• Choice in Varroa jacobsoni Oud. between honey bee drone or workerBrood Cells for reproduction
    Behavioral Ecology and Sociobiology, 1992
    Co-Authors: Stefan Fuchs

    Abstract:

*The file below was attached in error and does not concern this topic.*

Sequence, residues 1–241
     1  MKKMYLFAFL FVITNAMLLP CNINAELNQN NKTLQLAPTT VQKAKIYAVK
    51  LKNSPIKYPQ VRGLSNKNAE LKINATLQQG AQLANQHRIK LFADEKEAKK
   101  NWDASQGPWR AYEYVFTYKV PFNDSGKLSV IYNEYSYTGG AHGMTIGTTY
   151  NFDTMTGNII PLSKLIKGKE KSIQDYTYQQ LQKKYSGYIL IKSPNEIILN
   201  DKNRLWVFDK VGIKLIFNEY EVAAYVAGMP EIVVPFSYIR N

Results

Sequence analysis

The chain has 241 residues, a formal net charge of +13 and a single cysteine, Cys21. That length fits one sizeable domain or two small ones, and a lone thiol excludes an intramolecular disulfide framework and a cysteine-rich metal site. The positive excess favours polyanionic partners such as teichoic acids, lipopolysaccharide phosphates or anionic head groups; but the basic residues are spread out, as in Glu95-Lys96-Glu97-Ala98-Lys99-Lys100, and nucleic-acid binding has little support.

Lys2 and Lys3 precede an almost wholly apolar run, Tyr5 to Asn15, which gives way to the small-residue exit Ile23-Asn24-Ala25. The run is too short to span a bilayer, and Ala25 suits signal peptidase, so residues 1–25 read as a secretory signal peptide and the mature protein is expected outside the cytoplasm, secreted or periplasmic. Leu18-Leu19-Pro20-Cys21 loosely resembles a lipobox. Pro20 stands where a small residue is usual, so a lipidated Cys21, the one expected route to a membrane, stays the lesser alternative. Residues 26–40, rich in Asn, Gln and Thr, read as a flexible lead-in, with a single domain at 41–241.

The parasitic mite Varroa jacobsoni Oud. reproduces in Brood Cells of Apis mellifera. Reproductive success (RS) is higher in drone Cells than in worker Cells. Although the mites are capable of discriminating between the cell types, the less favorable worker Cells are also parasitized. A model is proposed that explains the acceptance of worker Cells by density-dependent reduction of RS if more than one Varroa enters a Brood cell. Calculations were based on simulated distributions of Varroa on Brood combs. Assuming that mites infesting Brood Cells would always accept drone Cells, but would only sometimes accept worker Cells, the optimal rate of worker cell acceptance was determined. While at low infestation levels and high fractions of drone Cells selection would favor the parasitization of drone Brood Cells only, mixed strategies would result if infestation is high and/or drone Cells are scarce. The model calculations were applied to data on Brood cell availability in European colonies during one annual season, including seasonal shifts of selection intensity and direction. On average, accepting worker Cells would be advantageous when there are approximately 300 or more mites within a colony, which would be within the natural range of worker cell acceptance at densities of approximately 1000 Varroa mites per colony.